You wonder, at first, why the author uses this form instead of something more typical. Perhaps it's just one of those British New Wave author experimental tricks. But at some point you realize that the use of second-person insidious draws you deeper into the character. Perhaps you don't realize this until the end, when Molly Zero's fate shocks you into numbness for several minutes.
The book takes place in Great Britain, which makes sense since Roberts is a British author. It's character-driven more than plot-driven; you follow Molly Zero from the Blocks, the creche where she grew up, to a small town, to life with the gypsies, and finally to London. The story encompasses Molly's loss of innocence, with plenty of room for comment on bourgeois terrorism, the Gypsy lifestyle, and the isolationist future Molly lives in.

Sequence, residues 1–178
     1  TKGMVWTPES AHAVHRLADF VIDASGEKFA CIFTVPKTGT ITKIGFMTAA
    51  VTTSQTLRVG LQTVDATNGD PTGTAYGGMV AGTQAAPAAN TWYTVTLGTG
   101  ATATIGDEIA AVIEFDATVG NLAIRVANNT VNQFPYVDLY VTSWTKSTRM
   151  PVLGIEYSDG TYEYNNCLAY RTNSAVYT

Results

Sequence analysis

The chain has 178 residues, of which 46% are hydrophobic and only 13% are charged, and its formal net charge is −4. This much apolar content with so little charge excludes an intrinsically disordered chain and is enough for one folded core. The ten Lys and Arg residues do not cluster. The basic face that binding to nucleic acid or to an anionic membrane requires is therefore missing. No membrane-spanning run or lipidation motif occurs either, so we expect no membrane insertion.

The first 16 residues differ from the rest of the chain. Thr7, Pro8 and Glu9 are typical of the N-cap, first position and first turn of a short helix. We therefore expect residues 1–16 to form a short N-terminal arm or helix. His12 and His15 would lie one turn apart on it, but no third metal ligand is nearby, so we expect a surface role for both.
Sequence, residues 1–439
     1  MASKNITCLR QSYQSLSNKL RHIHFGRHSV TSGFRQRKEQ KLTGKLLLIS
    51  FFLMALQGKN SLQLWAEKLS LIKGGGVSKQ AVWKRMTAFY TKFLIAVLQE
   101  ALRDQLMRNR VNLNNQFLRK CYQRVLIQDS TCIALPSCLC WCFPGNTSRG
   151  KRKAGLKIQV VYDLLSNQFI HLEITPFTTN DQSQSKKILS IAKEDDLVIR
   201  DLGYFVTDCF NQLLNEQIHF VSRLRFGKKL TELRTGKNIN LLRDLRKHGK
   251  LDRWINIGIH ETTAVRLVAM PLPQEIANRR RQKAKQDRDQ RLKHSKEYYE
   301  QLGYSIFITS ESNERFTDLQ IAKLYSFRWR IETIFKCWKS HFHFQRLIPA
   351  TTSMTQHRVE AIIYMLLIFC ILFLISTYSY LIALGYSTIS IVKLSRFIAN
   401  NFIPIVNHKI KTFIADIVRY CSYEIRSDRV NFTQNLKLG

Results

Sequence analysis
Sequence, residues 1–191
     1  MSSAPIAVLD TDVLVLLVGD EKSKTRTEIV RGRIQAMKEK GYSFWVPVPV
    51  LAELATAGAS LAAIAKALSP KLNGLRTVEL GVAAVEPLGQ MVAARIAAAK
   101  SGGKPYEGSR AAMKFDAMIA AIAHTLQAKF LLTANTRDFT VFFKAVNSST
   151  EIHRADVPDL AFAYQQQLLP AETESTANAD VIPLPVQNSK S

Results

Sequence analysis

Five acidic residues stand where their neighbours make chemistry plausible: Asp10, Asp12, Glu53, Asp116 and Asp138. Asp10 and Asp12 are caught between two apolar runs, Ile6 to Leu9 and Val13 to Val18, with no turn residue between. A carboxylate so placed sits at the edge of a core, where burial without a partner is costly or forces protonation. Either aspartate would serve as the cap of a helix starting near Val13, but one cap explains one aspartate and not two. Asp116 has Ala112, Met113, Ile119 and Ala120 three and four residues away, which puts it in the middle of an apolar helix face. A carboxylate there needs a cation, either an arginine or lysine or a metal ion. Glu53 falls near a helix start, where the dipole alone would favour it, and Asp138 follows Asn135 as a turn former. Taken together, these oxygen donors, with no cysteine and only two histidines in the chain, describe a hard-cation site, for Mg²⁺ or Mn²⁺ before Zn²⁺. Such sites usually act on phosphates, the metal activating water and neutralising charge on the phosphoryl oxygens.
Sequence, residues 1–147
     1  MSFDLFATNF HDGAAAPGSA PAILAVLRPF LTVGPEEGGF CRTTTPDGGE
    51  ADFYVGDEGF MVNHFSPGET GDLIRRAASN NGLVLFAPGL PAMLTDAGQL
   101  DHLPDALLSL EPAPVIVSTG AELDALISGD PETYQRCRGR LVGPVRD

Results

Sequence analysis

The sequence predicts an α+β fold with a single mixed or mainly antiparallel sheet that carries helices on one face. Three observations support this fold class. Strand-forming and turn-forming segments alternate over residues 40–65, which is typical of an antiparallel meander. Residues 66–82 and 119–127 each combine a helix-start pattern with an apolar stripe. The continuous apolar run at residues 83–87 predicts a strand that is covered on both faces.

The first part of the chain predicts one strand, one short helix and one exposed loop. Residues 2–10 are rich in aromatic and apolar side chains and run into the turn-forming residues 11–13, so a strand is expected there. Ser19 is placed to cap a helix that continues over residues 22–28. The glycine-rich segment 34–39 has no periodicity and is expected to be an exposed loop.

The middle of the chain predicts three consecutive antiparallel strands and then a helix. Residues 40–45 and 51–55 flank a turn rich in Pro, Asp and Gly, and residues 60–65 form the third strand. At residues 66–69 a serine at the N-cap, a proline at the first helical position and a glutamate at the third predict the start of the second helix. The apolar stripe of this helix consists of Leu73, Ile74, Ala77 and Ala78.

There's a lack of decent male characters in the book. The only ones that appear do so briefly; Paul, Molly's companion from early in the book, becomes less and less likeable as it progresses. But then, there are few male characters in the book at all.
The style is a bit difficult, but can be overcome; the story isn't the happiest, or the most exciting, but Molly is an interesting character. You'll like this book if this is the kind of book you like.
%A Roberts, Keith
%T Molly Zero
%I Victor Gollancz Ltd.
%D Copyright 1980
%G ISBN 0-575-02832-7
%P 224 pp.
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